Words of Wisdom – Encouraging Word – May 2017

Christian Stewardship is about Our Relationship with God

“Money management and godly giving are integral parts of sanctified living, not at all optional or even peripheral. The focus is squarely on the relationship of Christ’s people to their Lord and his revealed will—not only or even primarily their relationship to their money, their church, or their neighbor. To ignore this facet of the Christian’s continued existence on earth or to address this subject only occasionally is to fail to minister properly to the needs of our people. Christians need to know that they have been saved and how they have been saved. They also need to know they are called and enabled to serve God. God expects faithful stewardship, dedicated serving. What a tragedy it is if the person who has learned the way of salvation either has never grasped or has been sidetracked from his mission of living for God in a conscientious and competent way!”

Forrest L. Bivens. Seizing the Opportunities: Ways to Encourage Godly Giving. Wisconsin Lutheran Seminary Essay File. Page 2.

Words of Wisdom – Encouraging Word – November 2016

The Secret to Being Overwhelmingly Grateful, Part One

“As sinful human beings, we tend to take God’s blessings for granted. We often don’t notice the amazing gift of air conditioning until it breaks down in the middle of summer. We aren’t aware of how much we depend on electricity until the power goes out and we stare at one another, wondering what to do without our TVs, cell phones, and computers. A wise, old pastor once told me, ‘The secret to happiness is not getting what you want; it’s wanting what you’ve got.’ We spend so much time focusing on what we don’t have, on what other people have, on what we want to have, that we lose sight of what we do have. The secret to being overwhelmingly grateful is to recognize what you have.”

Schroer, Andrew C. 364 Days of Thanksgiving. Milwaukee: Northwestern Publishing House, 2015.

Words of Wisdom – Encouraging Word – September 2016

Overwhelming Gratitude

“The point of the story of the ten lepers in Luke chapter 17 is not that the other nine were ungrateful. The point is how overwhelmingly grateful the Samaritan was. He put off the one thing that he had desired for so long—to be told by the priest he could go home—and put off being reunited with his family and friends to first return and thank the person who had healed him. The Samaritan understood that thankfulness is not some nebulous, vague feeling. Gratitude cannot exist where there is no giver. You can’t be thankful without having someone to thank. The Samaritan realized it was God who deserve the credit. He recognized it was Jesus who he healed him. So he ran. He cried. He fell at Jesus’ feet and thanked him with overwhelming gratitude.”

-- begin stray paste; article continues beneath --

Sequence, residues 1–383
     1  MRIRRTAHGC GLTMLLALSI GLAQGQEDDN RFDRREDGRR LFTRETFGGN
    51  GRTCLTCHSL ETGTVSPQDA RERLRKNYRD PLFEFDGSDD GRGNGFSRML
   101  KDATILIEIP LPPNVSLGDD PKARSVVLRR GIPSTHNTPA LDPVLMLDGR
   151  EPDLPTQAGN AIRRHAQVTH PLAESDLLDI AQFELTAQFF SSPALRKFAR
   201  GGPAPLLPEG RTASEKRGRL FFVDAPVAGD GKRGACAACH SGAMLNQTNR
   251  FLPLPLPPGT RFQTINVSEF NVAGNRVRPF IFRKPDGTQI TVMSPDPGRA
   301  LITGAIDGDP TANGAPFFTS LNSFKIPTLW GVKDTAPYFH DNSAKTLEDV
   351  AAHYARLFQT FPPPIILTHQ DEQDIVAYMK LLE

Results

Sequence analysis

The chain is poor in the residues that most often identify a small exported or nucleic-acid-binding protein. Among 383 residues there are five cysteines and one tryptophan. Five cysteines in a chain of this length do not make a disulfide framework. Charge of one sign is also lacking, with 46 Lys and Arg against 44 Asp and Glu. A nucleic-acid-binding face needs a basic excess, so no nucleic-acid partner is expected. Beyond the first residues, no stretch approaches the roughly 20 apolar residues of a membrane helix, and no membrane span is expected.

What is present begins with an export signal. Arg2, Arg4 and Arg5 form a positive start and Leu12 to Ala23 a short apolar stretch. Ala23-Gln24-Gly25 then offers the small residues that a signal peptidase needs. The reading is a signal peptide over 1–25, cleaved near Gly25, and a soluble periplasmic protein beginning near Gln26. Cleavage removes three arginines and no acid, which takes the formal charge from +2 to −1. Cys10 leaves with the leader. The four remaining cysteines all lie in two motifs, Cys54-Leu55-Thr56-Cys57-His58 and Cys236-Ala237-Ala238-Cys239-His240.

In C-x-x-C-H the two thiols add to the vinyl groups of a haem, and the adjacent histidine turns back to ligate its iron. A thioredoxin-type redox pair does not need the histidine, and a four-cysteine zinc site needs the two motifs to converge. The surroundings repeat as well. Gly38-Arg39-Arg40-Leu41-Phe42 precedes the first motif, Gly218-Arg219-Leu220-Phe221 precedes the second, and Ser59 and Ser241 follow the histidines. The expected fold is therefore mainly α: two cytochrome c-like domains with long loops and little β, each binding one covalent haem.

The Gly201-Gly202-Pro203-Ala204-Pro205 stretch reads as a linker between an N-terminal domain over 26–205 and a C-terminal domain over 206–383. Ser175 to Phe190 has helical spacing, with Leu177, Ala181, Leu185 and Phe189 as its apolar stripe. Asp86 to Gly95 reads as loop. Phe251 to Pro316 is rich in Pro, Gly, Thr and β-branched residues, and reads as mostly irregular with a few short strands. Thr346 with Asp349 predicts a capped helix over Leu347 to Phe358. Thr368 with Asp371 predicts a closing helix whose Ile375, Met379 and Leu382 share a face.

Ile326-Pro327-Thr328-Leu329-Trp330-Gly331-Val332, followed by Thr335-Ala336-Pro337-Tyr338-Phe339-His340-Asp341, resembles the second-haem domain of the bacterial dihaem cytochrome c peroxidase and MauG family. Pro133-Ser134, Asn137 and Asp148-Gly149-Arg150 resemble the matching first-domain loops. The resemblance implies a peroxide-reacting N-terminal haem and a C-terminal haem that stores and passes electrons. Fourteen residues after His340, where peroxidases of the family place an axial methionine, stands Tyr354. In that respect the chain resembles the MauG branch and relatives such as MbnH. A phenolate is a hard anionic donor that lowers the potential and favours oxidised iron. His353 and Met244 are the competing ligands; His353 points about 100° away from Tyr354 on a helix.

Schroer, Andrew C. 364 Days of Thanksgiving. Milwaukee: Northwestern Publishing House, 2015.

Words of Wisdom – Encouraging Word – July 2016

The Secret to Happiness

“Are you depressed? Are you frustrated by the problems and struggles in your life? The secret to happiness isn’t to rid your life of problems. The secret to happiness isn’t getting what you want. The secret to happiness is recognizing what you have in Christ.”

Schroer, Andrew C. 364 Days of Thanksgiving. Milwaukee: Northwestern Publishing House, 2015.

Words of Wisdom – Encouraging Word – March 2016

The Sacrifice of Christ Encourages Our Offerings

“Why will [the Corinthians] want to ‘excel in the grace of giving’ just as the Macedonians are doing? ‘For,’ says Paul, and then he gives the reason why the Corinthians will want to do this. They have personally experienced the grace of the Lord Jesus Christ . . . ‘For your sakes,’ says Paul, Christ, though he was in a continuous state of being rich from all eternity, became poor. Paul uses a form of the same word he had used to describe the abject poverty of the Macedonians (2 Corinthians 8:2). But it was a much deeper poverty than that. With these words all of Christ’s state of humiliation is projected before our eyes, culminating in his suffering and death. Its purpose? ‘So that you through his poverty might become rich.’ ‘We are rich, for he was poor. Is not this a wonder!’ Christ, who traded unparalleled riches for abject poverty so that we might become rich, is a wonderful example of giving for the Corinthians; but he is much more than that! He is first of all Savior. We love, because he first loved us. We give, in fact, we cannot help but give, because he gave first.”

David J. Valleskey. Laying the Foundation: The Scriptural Basis for Godly Giving. Wisconsin Lutheran Seminary Essay File. Pages 6-7.